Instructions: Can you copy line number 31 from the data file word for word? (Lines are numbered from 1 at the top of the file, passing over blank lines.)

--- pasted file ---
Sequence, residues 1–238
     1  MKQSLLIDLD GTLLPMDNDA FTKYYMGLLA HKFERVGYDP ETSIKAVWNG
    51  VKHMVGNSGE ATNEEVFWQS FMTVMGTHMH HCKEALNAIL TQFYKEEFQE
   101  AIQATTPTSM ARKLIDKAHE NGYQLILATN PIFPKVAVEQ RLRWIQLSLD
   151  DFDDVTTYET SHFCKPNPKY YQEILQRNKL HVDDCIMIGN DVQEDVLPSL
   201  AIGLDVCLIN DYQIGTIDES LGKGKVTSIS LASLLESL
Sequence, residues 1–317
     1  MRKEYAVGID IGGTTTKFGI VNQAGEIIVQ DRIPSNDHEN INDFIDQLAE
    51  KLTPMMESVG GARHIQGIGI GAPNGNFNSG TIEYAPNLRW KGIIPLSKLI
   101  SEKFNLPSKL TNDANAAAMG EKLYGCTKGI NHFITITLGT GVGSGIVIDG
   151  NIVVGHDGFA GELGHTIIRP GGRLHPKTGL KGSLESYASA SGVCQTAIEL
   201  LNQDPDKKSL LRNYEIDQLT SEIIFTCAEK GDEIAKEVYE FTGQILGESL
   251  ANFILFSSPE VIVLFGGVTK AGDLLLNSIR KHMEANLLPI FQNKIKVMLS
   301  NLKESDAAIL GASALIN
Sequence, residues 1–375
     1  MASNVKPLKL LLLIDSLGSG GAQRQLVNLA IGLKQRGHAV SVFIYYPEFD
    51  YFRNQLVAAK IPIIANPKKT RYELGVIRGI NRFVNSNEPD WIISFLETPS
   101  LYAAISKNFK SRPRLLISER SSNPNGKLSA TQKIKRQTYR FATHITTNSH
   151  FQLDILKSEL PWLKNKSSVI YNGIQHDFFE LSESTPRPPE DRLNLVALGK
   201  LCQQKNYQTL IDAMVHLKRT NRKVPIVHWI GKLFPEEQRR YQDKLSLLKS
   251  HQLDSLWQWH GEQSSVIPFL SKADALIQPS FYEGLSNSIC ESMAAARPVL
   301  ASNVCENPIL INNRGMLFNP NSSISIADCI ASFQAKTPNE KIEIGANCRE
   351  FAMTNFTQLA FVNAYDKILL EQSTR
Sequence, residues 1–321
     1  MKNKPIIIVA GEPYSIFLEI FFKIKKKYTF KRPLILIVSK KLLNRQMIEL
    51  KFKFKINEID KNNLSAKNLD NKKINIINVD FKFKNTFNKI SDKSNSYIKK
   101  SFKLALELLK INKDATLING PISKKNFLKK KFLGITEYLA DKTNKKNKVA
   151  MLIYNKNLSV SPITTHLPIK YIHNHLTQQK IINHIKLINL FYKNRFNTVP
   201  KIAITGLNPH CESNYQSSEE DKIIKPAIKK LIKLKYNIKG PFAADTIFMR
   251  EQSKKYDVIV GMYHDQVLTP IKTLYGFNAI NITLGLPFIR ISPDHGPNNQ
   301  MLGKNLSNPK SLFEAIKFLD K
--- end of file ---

   301  MLGKNLSNPK SLFEAIKFLD K